The company said on Monday it is now using artificial intelligence to identify posts, videos, and Facebook Live streams containing suicidal thoughts. It will also use the technology to prioritize the order its team reviews posts.
In March, Facebook (FB) began a limited test of AI-based suicide prevention efforts on text-only posts in the U.S.
Its latest effort will bring the automated flagging tools on text and video posts globally, except in the EU where data privacy restrictions are different than other parts of the world.
In a blog post, the company detailed how AI looks for patterns on posts that may contain references to suicide or self-harm. In addition to searching for words and phrases in posts, it will scan the comments. According to Facebook, comments like “Are you ok?” and “Can I help?” can potentially be an indicator of suicidal thoughts.
If the the team reviews a post and determines an immediate intervention is necessary, Facebook may work with first responders to send help. The social network may also reach out to users via Facebook Messenger with resources, such as links to the Crisis Text Line, National Eating Disorder Association, and National Suicide Prevention Lifeline.
Facebook will use AI to make sure its team reviews posts of those most in distress first.
The move is a part of an effort to further support its at-risk users. Facebook has faced criticism for its Facebook Live feature, where some users have live streamed graphic events, including suicide.
by S. Pillay
According to the Centers for Disease Control and Prevention, suicide was the 10th leading cause of death among all age groups in the U.S. in 2015. In fact, the U.S. suicide rate is at a 30-year all-time high, and suicide is a leading cause of death worldwide, claiming the lives of approximately 1 million people annually.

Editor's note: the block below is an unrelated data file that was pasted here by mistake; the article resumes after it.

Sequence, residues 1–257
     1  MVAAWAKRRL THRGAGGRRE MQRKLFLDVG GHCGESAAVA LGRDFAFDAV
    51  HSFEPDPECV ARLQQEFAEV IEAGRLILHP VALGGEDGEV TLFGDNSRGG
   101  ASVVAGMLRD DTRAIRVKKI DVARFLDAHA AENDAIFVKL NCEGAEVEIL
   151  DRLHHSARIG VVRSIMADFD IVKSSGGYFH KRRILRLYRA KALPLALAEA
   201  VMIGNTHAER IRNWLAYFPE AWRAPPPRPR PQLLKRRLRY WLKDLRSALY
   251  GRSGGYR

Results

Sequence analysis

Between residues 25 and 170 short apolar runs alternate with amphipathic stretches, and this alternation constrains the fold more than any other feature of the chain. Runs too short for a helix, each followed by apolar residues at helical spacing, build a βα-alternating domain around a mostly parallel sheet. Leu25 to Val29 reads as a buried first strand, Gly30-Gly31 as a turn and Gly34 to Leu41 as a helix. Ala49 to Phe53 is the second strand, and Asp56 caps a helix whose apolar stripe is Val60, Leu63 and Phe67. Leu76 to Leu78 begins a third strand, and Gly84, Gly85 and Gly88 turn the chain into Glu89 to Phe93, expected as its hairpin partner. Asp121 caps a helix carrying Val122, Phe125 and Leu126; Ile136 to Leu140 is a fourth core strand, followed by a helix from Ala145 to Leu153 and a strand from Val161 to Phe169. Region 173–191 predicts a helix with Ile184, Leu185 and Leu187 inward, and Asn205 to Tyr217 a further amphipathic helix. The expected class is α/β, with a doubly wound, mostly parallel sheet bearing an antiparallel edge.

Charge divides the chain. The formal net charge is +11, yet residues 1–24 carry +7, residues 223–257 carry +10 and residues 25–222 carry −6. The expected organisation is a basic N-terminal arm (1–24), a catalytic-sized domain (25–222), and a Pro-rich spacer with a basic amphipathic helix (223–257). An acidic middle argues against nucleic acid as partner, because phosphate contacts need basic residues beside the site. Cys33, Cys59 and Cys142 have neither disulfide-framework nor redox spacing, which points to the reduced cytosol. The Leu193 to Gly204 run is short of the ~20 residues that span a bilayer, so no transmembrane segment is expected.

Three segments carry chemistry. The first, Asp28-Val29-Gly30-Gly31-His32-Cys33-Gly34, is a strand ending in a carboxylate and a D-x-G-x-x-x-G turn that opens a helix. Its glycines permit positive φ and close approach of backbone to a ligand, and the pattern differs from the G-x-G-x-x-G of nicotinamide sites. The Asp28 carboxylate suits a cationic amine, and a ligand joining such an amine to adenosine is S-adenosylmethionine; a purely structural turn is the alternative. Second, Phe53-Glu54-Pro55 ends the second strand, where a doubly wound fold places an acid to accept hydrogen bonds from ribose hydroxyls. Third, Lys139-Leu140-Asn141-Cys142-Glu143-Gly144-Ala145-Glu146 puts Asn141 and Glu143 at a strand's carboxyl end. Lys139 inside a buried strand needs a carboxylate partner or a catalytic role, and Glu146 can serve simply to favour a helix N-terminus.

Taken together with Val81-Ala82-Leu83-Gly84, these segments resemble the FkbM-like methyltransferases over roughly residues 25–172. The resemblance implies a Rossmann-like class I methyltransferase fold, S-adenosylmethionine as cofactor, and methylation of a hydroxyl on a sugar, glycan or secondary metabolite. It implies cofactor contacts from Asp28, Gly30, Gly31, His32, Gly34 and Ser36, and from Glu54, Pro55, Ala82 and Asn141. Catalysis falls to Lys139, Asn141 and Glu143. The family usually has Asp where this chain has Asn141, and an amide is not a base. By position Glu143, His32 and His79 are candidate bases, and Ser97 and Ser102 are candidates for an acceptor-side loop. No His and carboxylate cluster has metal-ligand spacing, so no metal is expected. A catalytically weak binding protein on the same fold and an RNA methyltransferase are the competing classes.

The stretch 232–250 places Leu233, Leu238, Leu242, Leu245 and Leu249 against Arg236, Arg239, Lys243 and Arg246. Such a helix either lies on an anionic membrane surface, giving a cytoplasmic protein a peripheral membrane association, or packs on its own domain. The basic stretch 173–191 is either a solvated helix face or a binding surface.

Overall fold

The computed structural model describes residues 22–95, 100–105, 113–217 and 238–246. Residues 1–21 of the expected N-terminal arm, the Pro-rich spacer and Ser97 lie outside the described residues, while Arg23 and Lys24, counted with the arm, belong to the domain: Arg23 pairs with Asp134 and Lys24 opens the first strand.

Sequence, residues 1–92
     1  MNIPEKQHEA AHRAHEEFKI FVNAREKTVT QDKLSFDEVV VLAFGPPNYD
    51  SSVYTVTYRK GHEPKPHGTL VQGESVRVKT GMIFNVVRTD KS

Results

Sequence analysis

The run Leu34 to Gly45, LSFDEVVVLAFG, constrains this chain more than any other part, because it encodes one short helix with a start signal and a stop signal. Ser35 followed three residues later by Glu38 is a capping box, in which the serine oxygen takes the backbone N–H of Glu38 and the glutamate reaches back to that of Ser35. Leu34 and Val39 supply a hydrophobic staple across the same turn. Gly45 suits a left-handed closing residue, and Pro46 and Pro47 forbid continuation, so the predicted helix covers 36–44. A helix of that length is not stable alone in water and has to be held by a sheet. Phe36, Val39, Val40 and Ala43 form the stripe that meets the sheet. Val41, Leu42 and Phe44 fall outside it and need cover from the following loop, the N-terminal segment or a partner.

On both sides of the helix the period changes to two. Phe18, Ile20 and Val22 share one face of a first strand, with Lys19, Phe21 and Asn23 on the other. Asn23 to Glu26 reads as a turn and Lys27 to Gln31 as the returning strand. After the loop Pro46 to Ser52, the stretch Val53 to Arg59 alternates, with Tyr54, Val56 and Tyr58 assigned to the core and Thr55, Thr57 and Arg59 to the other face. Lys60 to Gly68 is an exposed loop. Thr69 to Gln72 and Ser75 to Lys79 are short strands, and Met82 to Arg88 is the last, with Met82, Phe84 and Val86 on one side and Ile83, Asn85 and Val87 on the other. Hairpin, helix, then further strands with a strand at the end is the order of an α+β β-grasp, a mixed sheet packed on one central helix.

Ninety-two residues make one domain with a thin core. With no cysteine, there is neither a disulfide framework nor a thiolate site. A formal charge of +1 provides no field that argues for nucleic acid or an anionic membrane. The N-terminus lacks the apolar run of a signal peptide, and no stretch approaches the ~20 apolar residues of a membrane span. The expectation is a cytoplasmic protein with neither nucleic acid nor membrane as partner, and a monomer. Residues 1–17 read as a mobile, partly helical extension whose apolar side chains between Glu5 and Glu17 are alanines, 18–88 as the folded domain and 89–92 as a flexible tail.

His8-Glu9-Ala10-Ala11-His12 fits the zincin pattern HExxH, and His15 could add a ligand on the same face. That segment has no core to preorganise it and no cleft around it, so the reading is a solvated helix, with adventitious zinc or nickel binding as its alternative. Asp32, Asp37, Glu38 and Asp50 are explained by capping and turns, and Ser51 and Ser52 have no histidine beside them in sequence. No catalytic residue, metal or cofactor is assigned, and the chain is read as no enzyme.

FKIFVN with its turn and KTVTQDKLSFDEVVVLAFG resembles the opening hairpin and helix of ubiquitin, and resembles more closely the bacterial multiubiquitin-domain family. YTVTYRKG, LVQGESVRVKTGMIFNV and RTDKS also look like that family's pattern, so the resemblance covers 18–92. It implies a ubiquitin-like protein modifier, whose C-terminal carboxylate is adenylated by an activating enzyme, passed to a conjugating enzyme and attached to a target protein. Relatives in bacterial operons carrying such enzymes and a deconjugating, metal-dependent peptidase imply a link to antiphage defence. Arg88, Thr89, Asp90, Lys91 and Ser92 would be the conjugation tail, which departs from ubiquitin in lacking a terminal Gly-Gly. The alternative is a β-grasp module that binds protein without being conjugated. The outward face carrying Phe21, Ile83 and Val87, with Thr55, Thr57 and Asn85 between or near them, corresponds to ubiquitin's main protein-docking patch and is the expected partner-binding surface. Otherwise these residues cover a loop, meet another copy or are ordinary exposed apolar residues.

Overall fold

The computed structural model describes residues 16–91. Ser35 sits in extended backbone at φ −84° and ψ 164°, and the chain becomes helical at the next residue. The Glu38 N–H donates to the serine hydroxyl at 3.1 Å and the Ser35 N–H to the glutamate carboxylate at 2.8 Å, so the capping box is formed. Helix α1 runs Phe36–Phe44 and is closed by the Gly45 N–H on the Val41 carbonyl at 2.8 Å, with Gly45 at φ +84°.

…On the surface, AI seems warranted. There’s no doubt that there’s a need to prevent suicide. But perhaps the situation is also more complex than it seems.
Presumably, informed people play a role in defining and reiterating the AI algorithms. Yet a recent study demonstrated that it is not actually possible for even trained clinicians to accurately predict who is at high risk of suicide.
Even though some studies say that we can detect risk, clinically, the actual prediction is fraught with difficulty.
Eighty-three percent of people who commit suicide have been in touch with a primary care physician within a year of their death, and up to 66% of people who commit suicide have been in touch within a month of their death. It’s clearly not enough to be in touch with just anyone, let alone a “moderator.”
Facebook’s outreach might actually do more harm than good. For example, some mental health experts voice that hearing from family and loved ones that they care about you can help with suicide prevention. But this can backfire if friends and family are the cause of the distress.
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A Rescue Plan For The Anxious Child by Andrea Petersen